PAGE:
``````#include<stdio.h>

main()
{
int array[100], n, c, d, swap;

printf("Enter number of elements\n");
scanf("%d", &n);

printf("Enter %d integers\n", n);

for ( c = 0 ; c < n ; c++ )
scanf("%d", &array[c]);

for ( c = 0 ; c < ( n - 1 ) ; c++ )
{
for ( d = 0 ; d < n - c - 1 ; d++ )
{
if ( array[d] > array[d+1] ) /* For decreasing order use < */
{
swap = array[d];
array[d] = array[d+1];
array[d+1] = swap;
}
}
}

printf("Sorted list in ascending order:\n");

for ( c = 0 ; c < n ; c++ )
printf("%d\n", array[c]);

return 0;
}``````

my doubt is in this sorting algorithm everything is stored in the array[c] but why they use array[d] can u explain me???

Uh, learn how variables work.

`````` for ( c = 0 ; c < n ; c++ )
scanf("%d", &array[c]);
``````

in the beggining c=0 , therefore when reading an integer into array[c] it actually
means you read an integer into the 0 place ( aka array[0] )

after placing a number …

## All 5 Replies

Uh, learn how variables work.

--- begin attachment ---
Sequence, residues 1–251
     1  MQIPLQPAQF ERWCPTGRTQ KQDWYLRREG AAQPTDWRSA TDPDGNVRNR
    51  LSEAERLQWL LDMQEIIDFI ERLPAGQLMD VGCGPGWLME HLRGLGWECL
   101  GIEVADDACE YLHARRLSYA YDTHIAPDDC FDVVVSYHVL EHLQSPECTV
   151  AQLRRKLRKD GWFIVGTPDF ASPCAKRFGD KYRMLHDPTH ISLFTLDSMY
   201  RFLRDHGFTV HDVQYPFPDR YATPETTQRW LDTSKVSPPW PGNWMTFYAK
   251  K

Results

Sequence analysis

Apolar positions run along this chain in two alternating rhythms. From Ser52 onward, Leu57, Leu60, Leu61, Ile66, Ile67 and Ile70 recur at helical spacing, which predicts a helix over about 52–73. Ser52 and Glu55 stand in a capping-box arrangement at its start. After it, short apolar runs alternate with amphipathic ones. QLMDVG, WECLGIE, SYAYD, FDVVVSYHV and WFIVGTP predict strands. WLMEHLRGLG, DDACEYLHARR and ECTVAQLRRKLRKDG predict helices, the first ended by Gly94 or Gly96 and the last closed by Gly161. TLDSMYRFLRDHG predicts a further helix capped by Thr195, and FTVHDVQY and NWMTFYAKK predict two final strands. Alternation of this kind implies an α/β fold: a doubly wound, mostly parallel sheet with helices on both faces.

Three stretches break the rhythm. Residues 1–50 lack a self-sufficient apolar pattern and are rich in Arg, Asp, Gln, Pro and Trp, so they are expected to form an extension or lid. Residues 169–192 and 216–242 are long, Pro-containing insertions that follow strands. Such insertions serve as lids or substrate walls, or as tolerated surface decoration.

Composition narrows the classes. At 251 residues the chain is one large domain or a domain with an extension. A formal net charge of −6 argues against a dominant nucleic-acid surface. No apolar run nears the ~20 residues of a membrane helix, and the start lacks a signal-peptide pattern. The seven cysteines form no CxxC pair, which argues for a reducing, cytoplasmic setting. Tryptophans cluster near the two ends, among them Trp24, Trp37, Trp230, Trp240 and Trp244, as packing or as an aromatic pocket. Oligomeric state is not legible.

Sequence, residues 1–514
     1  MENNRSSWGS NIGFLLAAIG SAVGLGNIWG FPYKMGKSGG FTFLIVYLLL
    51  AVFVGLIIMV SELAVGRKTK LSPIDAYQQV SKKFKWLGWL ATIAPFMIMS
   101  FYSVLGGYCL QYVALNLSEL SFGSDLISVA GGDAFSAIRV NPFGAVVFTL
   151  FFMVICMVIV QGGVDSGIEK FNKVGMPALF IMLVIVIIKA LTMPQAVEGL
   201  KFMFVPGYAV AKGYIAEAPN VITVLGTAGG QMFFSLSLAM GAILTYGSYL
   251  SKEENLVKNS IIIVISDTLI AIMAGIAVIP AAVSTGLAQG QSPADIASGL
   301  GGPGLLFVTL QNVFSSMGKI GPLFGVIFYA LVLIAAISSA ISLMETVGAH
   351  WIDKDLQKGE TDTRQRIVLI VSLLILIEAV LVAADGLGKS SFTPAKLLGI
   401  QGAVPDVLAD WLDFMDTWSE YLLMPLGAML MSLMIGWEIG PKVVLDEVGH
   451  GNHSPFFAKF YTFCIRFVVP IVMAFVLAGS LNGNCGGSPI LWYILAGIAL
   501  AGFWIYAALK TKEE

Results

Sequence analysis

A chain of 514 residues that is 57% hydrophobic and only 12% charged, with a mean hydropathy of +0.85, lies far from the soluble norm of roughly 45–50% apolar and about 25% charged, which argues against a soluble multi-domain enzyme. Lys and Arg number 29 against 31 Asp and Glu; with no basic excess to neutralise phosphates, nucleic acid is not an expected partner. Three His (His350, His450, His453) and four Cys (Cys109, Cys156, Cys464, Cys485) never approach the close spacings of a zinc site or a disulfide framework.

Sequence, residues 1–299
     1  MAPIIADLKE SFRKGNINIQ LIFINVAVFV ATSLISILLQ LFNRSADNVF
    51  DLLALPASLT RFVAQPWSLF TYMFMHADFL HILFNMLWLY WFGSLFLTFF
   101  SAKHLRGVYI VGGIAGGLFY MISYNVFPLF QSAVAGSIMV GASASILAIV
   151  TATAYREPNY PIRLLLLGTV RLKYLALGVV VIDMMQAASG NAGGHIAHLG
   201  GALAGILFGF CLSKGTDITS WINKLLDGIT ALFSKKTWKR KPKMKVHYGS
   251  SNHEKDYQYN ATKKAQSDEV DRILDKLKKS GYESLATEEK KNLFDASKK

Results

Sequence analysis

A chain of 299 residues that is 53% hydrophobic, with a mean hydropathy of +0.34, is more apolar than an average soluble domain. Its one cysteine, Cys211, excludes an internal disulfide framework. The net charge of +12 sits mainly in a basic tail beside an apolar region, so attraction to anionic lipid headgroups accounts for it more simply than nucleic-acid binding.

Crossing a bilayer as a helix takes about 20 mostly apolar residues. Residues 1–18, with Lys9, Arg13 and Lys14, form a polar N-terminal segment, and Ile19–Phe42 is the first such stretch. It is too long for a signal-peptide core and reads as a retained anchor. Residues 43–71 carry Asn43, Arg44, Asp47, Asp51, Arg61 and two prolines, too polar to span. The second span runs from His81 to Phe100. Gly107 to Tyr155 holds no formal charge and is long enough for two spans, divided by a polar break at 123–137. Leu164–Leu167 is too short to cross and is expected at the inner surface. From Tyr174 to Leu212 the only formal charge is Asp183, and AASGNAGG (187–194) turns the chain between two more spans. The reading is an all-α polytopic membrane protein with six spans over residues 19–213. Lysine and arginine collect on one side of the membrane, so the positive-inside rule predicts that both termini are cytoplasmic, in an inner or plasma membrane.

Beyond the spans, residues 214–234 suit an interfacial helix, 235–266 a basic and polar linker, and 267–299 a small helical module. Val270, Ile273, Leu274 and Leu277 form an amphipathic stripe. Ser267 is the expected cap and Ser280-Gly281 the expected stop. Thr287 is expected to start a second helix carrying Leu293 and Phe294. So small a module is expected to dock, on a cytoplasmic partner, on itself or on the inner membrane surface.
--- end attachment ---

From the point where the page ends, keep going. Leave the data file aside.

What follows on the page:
but they did not assign array[c]=array[d]

c and d are just the index of array..

interprete the programme put values of c and d you will undersatnd
And array[c] or array[d] are not diffrent but same variable.
just index changes like array[0],array[1].....

`````` for ( c = 0 ; c < n ; c++ )
scanf("%d", &array[c]);
``````

in the beggining c=0 , therefore when reading an integer into array[c] it actually
means you read an integer into the 0 place ( aka array[0] )

after placing a number in the array[0] place, 'c' grows by one (`for(....;c++)`
and the next number goes into the next array place.

think of c and d as place markers
if you do

``````int c=0;
int d=0;

if (array[c]==array[d])
puts("of course they are its like saying array[0]==array[0]");
else
puts("not sure i'll open the c book and try to figure it out");

puts("thanks anyway");
``````

what output will you get? good luck :O

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